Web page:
Q. My husband is an unbeliever. I tithe from my income (which is a small amount from social security, an “allowance” from my 401K and babysitting money). This is a second marriage, and while my husband is very good to me personally, his god is his money. He does not like that I tithe even though it is not from our overall income. Since the Bible instructs wives to submit to their husbands, I am willing to stop all giving if this is what I am supposed to do, but I’ll be honest, it makes me sad.
A. As you already know, this is one of the problems with being married to an unbeliever. You have different perspectives and as a Christian wife you must continually balance your desire to please God with your need to submit to your unbelieving spouse (Ephes. 5:22).
God knows the motive of your heart and understands the dilemma that puts you in. But He would not have this become a source of contention between you (Romans 12:18). So if your husband insists that you stop giving, then stop.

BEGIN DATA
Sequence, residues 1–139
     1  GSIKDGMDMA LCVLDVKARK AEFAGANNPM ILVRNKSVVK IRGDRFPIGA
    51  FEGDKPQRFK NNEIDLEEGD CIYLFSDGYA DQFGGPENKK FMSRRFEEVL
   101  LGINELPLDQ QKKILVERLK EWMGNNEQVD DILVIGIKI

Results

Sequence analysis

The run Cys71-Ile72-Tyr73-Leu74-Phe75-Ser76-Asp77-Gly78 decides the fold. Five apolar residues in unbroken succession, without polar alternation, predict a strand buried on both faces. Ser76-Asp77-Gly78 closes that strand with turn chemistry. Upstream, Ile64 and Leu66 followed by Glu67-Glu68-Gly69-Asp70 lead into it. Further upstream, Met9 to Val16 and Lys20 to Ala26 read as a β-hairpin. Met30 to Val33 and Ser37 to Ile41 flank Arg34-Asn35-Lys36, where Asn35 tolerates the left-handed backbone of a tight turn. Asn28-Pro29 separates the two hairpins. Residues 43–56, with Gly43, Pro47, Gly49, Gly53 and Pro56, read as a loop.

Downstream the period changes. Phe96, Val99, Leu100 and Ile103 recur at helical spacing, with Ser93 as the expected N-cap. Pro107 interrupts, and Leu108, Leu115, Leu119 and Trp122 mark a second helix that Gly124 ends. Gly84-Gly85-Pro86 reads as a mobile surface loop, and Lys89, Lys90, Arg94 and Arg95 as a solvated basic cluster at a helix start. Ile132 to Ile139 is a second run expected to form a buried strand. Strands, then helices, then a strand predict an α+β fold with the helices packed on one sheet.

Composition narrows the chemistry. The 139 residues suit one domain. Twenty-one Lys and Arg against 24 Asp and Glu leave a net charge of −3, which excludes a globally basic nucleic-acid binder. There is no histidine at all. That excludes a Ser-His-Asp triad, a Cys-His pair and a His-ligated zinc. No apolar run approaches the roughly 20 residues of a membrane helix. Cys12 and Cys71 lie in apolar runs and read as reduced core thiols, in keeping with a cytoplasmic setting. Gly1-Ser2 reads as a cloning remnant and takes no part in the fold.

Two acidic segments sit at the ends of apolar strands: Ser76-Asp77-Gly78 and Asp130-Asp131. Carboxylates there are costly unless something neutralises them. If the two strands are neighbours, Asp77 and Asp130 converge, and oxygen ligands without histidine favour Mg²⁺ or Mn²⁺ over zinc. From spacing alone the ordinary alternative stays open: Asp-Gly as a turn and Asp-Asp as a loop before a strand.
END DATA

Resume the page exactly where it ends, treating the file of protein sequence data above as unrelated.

In the New Testament, tithing is not a “do it or be cursed” thing like it was in Old Testament times (Malachi 3:9-10). It’s a sign of our gratitude to the Lord for all He’s done for us. Therefore, it’s the spirit in which we give that matters most.
Explain this to your husband. Remind him it only involves a portion of “your” income, and it’s an important thing for you to do. If he’s willing for you to continue giving on that basis, then do as you’ve been doing.
But regardless of the outcome, continue to reflect “the unfading beauty of a quiet and gentle spirit, which is of great worth in God’s sight” (1 Peter 3:4).